His reapew and iroTrcrs both combin'd Are as line as any of their kind 1 If you desire your picture taken, And wish your fe rot be mis-taken, Just try Palmer, for we toll you No artist can much better do Aud if you need grtt Vulcan's aid, In fixing your plow, your axe, or spade, Just go to Miftlaby or Wcstbofti And see how grandly they show off, While fiery sparks around them fly, And with brawny arms their hammer ply I If buggy or wagon needs repair, A. Allen, you are aware, Is engaged in that most useful trade. Buggies and wagons by bim are mado, From the finest kind to the choapest grade. Just try him once and you'll call again No work's done better by other men. If saddles or harness you want to buy, At Wadman's shop you'd better try.

His work is stylish aud well made. For be is an adept in his trade. His harness never fails to fit, His saddles are of liko merit. vIs there in this town a single one. Who has not heard of Stanley, JohnT The accomplished dresser of fine beevea So tender-hearted, that he grieve When he us the rifle or the knife To deprive a brute of its harmless life I But John, having a fortune made, Has retired from the butcher trade, And is succeeded by Ed.

Damerell, Who swears his meat will John's excel WTiat shall we say of the proud 5L P. Of that class now we've only tliree. But those three are in themselves a host, For of great skill tho three can boast Kakestraw is Senior in the town Asb, though younger, is of great renown And Mudd, successor of Welch, departed. In prrclUe pool has started. TI-y sLou' 1, l'ke brvtfcers united Vie, An control sen' of jeninitoy.

f'tradmaa. grv Co. JtUIN M'UltUY, Proprietor aud Editor. RAILROAD TIM K-TABLE. M.

K. A T. Ooinp; North 4:00 a.m.: ro. South n. 11:07 a.m.


McFuii. BLAOKSMITHf). John Malaby, Jume WesthofU Booth, Shoes, IIatr, Caps. L. Freeman, Steadinan, Gregory Co Boot ani A.

Fisher. Oioaiih and Tobacco. Ira Itovln, Postmaster, C. I Freeman, Bubb it Gaylord, Jnliii V. Puisne, J.

A. "Wood. Dhuoh. J. W.

Fdsue. J. A. Wood. Drv Goons.

C. L. Freeman, Slcadman, rvgory A Co Expnr.s8 Agents. Aarou Boyle, Adam. C.

Jt. Ten, Pacific. Fruit, Bubb Gaylord, O. A. Fnman, Stcailmim, Oregon' Co.

Groceuikk. Bubb Gaylord, ('has. I Freeman, James Ceilings, Su-adman, Gregory Co Hardware, Tinware, Stoves, Cutlery. H. 1J.

Bell, W. II. McKall. Hotels. Commercial E.

Ik Kronz, Proprietor. Star Stanley A' Prather, Proprietor. Livery, Sale, and Feed Stables. A. Brand, Harry Conkliiu Lumber, Laths, SniNoi.ts.

Geo. AY. Crawford, J. M. Coff.

Notary Pubuc. T. F. Jones. Notions and Stationery.

Ira Boyle, Postmaster, W. Pelsun, J. A. Wood. Painth and Glass.

J. W. Pdsuo, J. A. Photoorapiis, Chromos, Scc.

1). Palmer. Physicians and Surgeons. W. B.

Anil, L. I). Mudd, JI. E. Kakestraw, Provision Merchant.

Ed. Dainerell. Eeal Estate and Insurance. E. O.

Green, T. F. Jones. Saddles and Harness. C.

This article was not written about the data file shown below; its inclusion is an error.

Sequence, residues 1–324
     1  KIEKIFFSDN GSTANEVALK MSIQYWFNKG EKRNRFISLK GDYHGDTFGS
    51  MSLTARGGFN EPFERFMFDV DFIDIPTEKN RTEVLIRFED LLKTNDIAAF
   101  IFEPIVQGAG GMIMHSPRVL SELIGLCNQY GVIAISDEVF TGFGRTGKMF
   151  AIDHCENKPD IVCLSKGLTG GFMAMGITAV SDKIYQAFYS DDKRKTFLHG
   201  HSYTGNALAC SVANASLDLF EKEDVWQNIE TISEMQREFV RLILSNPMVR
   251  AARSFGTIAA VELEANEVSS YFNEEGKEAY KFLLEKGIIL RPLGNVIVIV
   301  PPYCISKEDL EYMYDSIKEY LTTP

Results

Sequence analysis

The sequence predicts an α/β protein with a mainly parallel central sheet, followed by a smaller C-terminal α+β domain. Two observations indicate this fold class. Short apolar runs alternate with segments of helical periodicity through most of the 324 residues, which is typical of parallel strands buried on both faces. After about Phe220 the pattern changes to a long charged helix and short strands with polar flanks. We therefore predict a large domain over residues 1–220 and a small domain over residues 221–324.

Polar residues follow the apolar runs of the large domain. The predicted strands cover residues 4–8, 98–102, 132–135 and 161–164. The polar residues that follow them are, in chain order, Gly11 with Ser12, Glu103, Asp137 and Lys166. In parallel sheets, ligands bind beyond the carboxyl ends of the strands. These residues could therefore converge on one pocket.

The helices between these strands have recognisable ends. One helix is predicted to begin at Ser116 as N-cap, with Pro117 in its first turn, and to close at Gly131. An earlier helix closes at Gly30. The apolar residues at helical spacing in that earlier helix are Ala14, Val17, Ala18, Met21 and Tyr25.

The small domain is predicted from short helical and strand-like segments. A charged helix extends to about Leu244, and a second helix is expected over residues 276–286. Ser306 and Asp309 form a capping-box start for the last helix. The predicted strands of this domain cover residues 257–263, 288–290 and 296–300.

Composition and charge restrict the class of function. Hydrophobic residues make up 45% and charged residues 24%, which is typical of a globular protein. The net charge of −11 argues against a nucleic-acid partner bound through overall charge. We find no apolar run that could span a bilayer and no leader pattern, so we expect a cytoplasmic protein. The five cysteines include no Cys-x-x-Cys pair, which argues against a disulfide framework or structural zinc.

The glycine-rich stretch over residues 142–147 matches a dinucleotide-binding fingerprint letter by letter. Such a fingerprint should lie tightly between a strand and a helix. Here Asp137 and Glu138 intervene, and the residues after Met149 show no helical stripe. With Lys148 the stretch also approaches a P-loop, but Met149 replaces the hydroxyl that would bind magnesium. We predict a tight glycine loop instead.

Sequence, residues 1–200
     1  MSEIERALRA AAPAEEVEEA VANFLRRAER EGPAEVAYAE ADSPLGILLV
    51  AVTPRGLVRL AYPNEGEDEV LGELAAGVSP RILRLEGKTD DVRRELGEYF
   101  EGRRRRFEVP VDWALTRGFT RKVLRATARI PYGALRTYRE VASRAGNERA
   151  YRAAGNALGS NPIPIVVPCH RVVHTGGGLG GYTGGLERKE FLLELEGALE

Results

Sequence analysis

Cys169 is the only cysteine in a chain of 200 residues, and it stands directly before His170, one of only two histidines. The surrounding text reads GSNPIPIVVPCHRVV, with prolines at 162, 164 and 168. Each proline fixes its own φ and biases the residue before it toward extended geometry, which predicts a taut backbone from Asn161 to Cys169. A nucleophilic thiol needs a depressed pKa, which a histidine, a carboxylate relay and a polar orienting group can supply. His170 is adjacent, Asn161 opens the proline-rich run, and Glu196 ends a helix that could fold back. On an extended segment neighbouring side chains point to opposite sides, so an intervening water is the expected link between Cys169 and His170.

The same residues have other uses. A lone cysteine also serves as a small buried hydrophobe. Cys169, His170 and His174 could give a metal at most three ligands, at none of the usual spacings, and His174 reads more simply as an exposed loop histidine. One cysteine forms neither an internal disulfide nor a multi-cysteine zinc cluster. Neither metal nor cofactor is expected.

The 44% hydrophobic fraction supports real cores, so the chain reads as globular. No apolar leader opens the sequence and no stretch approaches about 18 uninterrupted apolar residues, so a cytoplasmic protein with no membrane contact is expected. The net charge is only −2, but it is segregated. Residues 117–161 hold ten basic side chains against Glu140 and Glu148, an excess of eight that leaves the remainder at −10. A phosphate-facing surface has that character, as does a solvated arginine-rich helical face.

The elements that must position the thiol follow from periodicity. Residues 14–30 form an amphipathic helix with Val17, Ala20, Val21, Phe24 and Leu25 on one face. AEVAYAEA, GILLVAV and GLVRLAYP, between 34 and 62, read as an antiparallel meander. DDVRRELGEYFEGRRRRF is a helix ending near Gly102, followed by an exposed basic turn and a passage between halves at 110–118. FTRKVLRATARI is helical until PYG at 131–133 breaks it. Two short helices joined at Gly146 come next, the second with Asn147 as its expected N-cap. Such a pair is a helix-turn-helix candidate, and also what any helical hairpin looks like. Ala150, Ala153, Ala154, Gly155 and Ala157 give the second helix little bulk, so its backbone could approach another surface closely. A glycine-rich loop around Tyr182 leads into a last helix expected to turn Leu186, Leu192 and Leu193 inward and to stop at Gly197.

II. Wadirmn. School and Blank Books. J. W.

rdsue, J. A. "Wood. Undertaker, W. T.

Cunningham. "Wagon and Repair Shops. 8: A. Allen, John Malaby, Janice Westholf. Walnut Flour Mills.

McCidlough Ilollislcr, Proprietora. School opened Monday, and is presided Over by a martial wholeman. II. B. Bell now occupies his comfortable cottage, built in the best part of town.

P. W. Curtis has moved into liis new house, which is one of the neatest in town. Dave Gregory's house progresses slowly but surely. Joseph Lukens, from near Girard, has purchased P.

J. Leitzell's house, and is putting an addition to it. P. J. Leitzell having sold his house, is at the Commercial with his family while he is getting built a more spacious one than that disposed of.

The barn on his new lots is finished. T. A. Duckworth, brother of our neighbor, John Duckworth, was in Walnut Tuesday, and made a call at our office. He and his wife have been at Eureka Springs, for some time, and will return there in a few days to add some more to the benefits already derived from the use of the water at the Springs.

New stock of sewing machines and furniture just received at W. T. Cunningham's, of whom can be had sewing-machine oils and needles. Mr. II.

B. Bell's youngest child has been Buffering during the past few days from a severe attack of cholera infantum. Dr. Ash has the little sufferer under his care hut, owing to the anxiety of the parents, a consultation with a second physician, Dr. Steadman, of Osago Mission, was had.

He, however, did not think any change for the better could bo made in the treatment prcwiho'l by Dr. Ash, who is still VMlliii: the little l.oy. We regret to have on just before ting i T. better." JtMl i a pint ot nlcoiid, ilic and live cent worth of ml Wash Jour I'ul'llitUle with Wlinit rag ttltli the eboe mixture, mhI iuIi ilie pce ii.i'oL.-d by the bugt Try this a few tiim uud you will not be troubled long. Mr.

DunhaiM. pnideiii of in V.nn of Trade, think; llmt then- ir winter hi til 'Hough this year to supply the need of Kuvopc-- ti to lock up thu buyers of grain abroad, if i chooso to buy more grim than liny immediately want, and that the spring wheat crop wiil he like ro niucli "v- a-e yoing to have wheat. The crop is big enough for al! wants, and there will lie a big sorplu- oi In refeiring to tho prices of pork and grain, a partner of Mr. Handy said that "pork will go to yj." per burr. but whesii and corn will be both lower." The Story of Nanoovtibc.